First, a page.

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Joseph F. Sadusk Jr., M.D.; Aage E. Nielsen, M.D.
JAMA. 1941;116(4):298-300. doi:10.1001/jama.1941.62820040004010b.
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The seriousness of staphylococcic meningitis is well known, and only scattered reports of recovery from this condition, numbering less than a dozen, have appeared in the literature. The methods of treatment have consisted of simple cisternal drainage,1 bacteriophage therapy,2 administration of gentian violet,3 sulfanilamide (or azosulfamide) therapy,4 or combinations of these methods. Recently Dietel and Kaiser5 made note of the recovery of a child with staphylococcic meningitis following therapy with sulfathiazole.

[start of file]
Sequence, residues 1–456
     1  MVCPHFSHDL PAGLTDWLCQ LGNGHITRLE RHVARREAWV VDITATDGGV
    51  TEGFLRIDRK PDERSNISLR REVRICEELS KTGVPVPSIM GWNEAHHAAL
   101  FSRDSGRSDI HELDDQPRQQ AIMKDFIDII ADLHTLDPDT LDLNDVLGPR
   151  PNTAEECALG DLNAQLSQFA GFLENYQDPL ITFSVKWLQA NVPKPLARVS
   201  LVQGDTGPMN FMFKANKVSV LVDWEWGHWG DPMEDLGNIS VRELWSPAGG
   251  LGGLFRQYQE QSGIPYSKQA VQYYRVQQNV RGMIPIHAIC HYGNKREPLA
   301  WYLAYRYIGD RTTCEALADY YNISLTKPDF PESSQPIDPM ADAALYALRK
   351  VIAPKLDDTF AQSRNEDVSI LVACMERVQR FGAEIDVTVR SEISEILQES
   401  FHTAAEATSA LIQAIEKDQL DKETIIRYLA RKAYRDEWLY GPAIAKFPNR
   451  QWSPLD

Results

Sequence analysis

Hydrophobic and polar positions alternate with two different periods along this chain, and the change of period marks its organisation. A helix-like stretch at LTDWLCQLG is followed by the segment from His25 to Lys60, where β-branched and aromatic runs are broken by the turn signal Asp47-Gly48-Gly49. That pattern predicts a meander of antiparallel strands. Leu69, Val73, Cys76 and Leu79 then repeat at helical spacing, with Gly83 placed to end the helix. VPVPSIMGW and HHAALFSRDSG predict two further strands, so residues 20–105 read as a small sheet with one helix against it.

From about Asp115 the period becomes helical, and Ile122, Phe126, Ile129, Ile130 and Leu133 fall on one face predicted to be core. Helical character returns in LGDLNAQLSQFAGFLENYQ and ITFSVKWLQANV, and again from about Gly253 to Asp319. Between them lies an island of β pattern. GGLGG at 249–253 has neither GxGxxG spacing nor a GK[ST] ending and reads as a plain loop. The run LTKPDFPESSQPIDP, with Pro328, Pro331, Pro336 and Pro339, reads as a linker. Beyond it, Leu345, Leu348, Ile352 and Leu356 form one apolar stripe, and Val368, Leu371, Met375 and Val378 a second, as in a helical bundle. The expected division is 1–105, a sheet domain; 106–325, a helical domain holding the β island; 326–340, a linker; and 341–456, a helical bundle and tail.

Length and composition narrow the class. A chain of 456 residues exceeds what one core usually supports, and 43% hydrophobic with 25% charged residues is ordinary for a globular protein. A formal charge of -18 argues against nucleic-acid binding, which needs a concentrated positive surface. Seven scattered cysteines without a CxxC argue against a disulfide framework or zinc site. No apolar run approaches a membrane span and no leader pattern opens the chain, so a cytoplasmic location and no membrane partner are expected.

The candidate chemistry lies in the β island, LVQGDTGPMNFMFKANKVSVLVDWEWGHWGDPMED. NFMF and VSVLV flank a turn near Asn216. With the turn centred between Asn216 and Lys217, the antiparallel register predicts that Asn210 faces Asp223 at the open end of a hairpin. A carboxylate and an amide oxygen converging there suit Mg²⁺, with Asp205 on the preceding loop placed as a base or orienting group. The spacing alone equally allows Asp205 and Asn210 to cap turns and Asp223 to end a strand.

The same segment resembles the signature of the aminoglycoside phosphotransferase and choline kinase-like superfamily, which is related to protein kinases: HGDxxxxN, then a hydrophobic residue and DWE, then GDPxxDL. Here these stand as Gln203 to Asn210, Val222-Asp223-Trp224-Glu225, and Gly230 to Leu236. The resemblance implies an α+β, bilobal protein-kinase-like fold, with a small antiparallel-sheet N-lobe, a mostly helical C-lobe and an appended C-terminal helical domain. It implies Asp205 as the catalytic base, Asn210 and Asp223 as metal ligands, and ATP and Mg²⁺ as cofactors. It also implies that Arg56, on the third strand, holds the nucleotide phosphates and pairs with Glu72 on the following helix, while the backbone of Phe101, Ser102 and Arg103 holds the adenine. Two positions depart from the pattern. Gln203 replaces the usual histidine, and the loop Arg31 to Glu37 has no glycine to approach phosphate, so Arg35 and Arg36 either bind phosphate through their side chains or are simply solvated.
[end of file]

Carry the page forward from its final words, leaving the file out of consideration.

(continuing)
Sulfathiazole, synthesized by Fosbinder and Walter6 and Lott and Bergeim7 has attracted attention in the clinical treatment of staphylococcic infections8 and its efficacy against the staphylococcus has been attested experimentally by in vivo9 and in vitro10 methods.

It has been recently shown11 in this clinic, however, that sulfathiazole, unlike the other sulfonamide derivatives, does not readily diffuse into the noninflammatory cerebrospinal fluid. This finding immediately suggested the possible


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